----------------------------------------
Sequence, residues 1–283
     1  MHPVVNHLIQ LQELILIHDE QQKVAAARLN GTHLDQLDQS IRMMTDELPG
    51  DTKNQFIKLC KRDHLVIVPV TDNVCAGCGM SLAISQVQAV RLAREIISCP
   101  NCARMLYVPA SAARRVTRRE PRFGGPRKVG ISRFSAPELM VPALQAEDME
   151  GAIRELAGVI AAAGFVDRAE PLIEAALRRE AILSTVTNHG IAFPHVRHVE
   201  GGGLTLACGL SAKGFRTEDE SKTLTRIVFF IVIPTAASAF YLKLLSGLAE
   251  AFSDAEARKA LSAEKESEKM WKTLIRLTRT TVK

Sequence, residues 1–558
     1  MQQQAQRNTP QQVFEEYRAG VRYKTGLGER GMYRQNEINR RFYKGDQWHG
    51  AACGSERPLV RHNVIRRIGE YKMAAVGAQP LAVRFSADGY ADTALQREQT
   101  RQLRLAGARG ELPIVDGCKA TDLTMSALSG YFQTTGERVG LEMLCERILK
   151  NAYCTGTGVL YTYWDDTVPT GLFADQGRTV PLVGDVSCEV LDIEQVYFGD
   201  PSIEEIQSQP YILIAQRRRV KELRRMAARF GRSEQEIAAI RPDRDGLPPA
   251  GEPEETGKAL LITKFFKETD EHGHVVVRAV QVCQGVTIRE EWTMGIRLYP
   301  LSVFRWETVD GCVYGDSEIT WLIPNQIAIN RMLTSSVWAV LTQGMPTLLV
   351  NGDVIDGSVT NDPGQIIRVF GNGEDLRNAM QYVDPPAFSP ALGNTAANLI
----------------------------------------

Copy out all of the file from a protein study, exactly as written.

Sequence, residues 1–283
     1  MHPVVNHLIQ LQELILIHDE QQKVAAARLN GTHLDQLDQS IRMMTDELPG
    51  DTKNQFIKLC KRDHLVIVPV TDNVCAGCGM SLAISQVQAV RLAREIISCP
   101  NCARMLYVPA SAARRVTRRE PRFGGPRKVG ISRFSAPELM VPALQAEDME
   151  GAIRELAGVI AAAGFVDRAE PLIEAALRRE AILSTVTNHG IAFPHVRHVE
   201  GGGLTLACGL SAKGFRTEDE SKTLTRIVFF IVIPTAASAF YLKLLSGLAE
   251  AFSDAEARKA LSAEKESEKM WKTLIRLTRT TVK

Sequence, residues 1–558
     1  MQQQAQRNTP QQVFEEYRAG VRYKTGLGER GMYRQNEINR RFYKGDQWHG
    51  AACGSERPLV RHNVIRRIGE YKMAAVGAQP LAVRFSADGY ADTALQREQT
   101  RQLRLAGARG ELPIVDGCKA TDLTMSALSG YFQTTGERVG LEMLCERILK
   151  NAYCTGTGVL YTYWDDTVPT GLFADQGRTV PLVGDVSCEV LDIEQVYFGD
   201  PSIEEIQSQP YILIAQRRRV KELRRMAARF GRSEQEIAAI RPDRDGLPPA
   251  GEPEETGKAL LITKFFKETD EHGHVVVRAV QVCQGVTIRE EWTMGIRLYP
   301  LSVFRWETVD GCVYGDSEIT WLIPNQIAIN RMLTSSVWAV LTQGMPTLLV
   351  NGDVIDGSVT NDPGQIIRVF GNGEDLRNAM QYVDPPAFSP ALGNTAANLI